34 Barrell v. Newby, 127 Fed. 656, 62 C. C. A. 382. See also Booth #. Barron, 29 N. Y. App. Div. 66, 51 N. Y. S. 391; Love P. St. Joseph Stock Yards Co. (Utah), 169 Fac. 951.

36 Jones v. Johnson, 86 Ky. 530, 6 8. W. 582. After discovery of the prinfor the claim is not, as matter of law, a decisive election.36 Nor is merely charging the goods to the agent or demanding payment from him after discovery of the principal.37 The question resolves itself into one of fact. Did the plaintiff with full knowledge elect to rely solely upon the credit of either the agent or the principal? If, however, judgment is taken against either with knowledge of the facts no claim can thereafter be asserted against the other although the judgment is unsatisfied.38 And a settlement of the claim with the agent and release of him has the same effect.39 But a judgment against the agent taken before disclosure of the facts of the agency will not bar a subsequent action against the principal.40 cipal a claim was made on the insolvent estate of the agent and a small dividend paid. The court nevertheless allowed a subsequent action against the principal. In Hoffman v. Anderson, 112 Ky. 893, 67 S. W. 49, the facts were the same except that the claim was presented against the principal's estate and a subsequent action was allowed against the agent.

34 See Atlas Steamship Co. v. Colombian Land Co., 102 Fed. 358, 42 C. C. A. 398. But in Ames Packing Co. v. Tucker, 8 Mo. App. 96, the court held that though taking negotiable paper in Missouri is presumably conditional only, it was, nevertheless, a conclusive election to take the individual note of the agent without taking at the time of the transaction any steps showing an intent to hold the principal.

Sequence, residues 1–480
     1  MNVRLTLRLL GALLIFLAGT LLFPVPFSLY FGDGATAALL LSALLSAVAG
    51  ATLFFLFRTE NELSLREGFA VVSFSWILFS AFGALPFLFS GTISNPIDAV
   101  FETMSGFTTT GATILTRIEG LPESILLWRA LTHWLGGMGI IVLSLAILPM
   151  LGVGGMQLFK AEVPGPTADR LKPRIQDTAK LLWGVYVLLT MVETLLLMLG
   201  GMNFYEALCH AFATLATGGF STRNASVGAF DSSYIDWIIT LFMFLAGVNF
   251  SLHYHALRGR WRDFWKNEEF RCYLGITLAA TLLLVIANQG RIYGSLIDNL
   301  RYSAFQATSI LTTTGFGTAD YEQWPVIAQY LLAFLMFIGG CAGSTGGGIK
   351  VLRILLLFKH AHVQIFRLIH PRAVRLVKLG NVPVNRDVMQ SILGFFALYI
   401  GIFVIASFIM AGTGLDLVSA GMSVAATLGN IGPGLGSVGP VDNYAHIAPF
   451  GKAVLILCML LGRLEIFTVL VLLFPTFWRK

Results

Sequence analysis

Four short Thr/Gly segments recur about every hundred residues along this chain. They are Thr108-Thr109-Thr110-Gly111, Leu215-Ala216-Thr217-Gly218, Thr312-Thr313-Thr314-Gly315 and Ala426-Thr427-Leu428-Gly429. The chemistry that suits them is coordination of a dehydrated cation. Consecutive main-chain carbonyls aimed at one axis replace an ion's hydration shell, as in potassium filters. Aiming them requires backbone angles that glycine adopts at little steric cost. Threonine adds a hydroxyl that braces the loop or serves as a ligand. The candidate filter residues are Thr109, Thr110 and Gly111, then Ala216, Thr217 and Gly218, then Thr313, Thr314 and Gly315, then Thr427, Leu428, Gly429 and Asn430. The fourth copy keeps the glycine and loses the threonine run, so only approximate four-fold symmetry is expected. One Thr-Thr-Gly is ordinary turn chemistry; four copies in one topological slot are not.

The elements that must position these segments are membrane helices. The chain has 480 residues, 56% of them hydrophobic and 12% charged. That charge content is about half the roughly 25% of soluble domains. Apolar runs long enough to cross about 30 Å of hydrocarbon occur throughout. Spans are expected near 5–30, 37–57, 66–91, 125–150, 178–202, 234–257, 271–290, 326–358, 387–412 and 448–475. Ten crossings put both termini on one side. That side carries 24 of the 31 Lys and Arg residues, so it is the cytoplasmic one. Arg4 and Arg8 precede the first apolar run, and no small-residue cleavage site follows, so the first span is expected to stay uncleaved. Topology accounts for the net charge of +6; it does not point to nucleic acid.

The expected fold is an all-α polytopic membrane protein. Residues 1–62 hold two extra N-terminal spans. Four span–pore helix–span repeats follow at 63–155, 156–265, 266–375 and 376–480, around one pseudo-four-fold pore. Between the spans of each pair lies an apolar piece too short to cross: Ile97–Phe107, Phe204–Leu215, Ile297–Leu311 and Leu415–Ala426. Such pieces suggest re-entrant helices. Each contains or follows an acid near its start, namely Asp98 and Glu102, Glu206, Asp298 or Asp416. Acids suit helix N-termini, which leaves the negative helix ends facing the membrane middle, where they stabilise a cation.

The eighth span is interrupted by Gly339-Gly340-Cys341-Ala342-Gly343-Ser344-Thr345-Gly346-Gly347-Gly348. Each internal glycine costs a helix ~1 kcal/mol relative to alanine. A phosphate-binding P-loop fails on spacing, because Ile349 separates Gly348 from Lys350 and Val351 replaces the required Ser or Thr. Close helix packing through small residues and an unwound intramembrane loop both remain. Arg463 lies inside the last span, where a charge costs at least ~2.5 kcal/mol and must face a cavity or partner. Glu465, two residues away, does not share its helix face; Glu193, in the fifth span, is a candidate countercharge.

37 Dyer v. Swift, 154 Mass. 159, 28 N. E. 8.

38 Priestly v. Fernie, 3 H. & C. 977; Morel v. Westmorland, [1904] A. C. 11; Cross v.. Matthews, 91 L. T. (N. S.) 600; Barrell v. Newby, 127 Fed. 656, 62 C. C. A. 382; Eufaula Grocery Co. v. Missouri Nat. Bank, 118 Ala. 408, 24 So. 389; Jones v. Ętna. Insurance Co., 14 Conn. 601; Mussenden v. Raiffe, 131 111. App. 466; Jones v. Johnson, 86 Ky. 630, 6 S. E. 682; E. J. Codd Co. v. Parker, 97 Md. 319,

66 Atl. 623; Kingsley v. Davis, 104 Mass. 178; Weil v. Raymond, 142 Mass. 206, 7 N. E. 860; Murphy v. Hutchinson, 93 Miss. 643, 48 So. 178, 21 L. R. A. (N. S.) 7S5; Sessions v. Block, 40 Mo. App. 669; Lean v. Cells (Mo. App.), 186 S. W. 1160; Tutbill v. Wilson, 90 N. Y. 423; Georgi v. Texas Co., 225 N. Y. 410, 122 N. E. 238; Lage v. Weinstein, 35 N. Y. Misc 298, 71 N. Y. S. 744; Rounesville v. North Carolina Home Ins. Co., 13S N. C. 191, 60 S. E. 619; Pittsburg Plate Glass Co. v. Roquemoie (Tex. Civ. App.), 88 S. W. 449. See, however, the contrary decision of Beymer v. Bonsall, 79 Pa. 298; also McLean v. Sexton, 44 N. Y. App. Div. 520, 60 N. Y. S. 871. 39Orvia v Wells, 73 Fed. 110, 19

C. C. A. 382; Booth v. Baron, 29 N. Y. App. D. 66, 51 N. Y. S. 391; Love v. St. Joseph's Stock Yards Co. (Utah), 169 Pac. 961.

40Auto Parts Co. v. Roberts, 194 111. App. 417; Lindquist v. Dickson, 98 Minn. 369, 107 N. W. 958, 8 L. B. A. (N. S.) 729; Greenburg v. Palmieri, 71 N. J. L. 83, 68 Atl. 297; Georgi v. Texas Co., 225 N. Y. 410, 122 N. E. 238; Brown v. Reiman, 48 N. Y. App.

D. 295, 62 N. Y. S. 663. It is somewhat difficult to see why the claim is not merged in the judgment. Id

Sec. 290. Undisclosed Principal, Rather Than His Agent Is Entitled To Enforce The Contract

In enforcing the contract against a third person, the principal's right is superior to the agent's and the assertion of a right by the principal to enforce the contract abates the agent's right.41

41Sadler v. Leigh, 4 Campb. 195; Warder v. White, 14 111. App. 50; Pitts v. Mower, 18 Me. 361, 36 Am.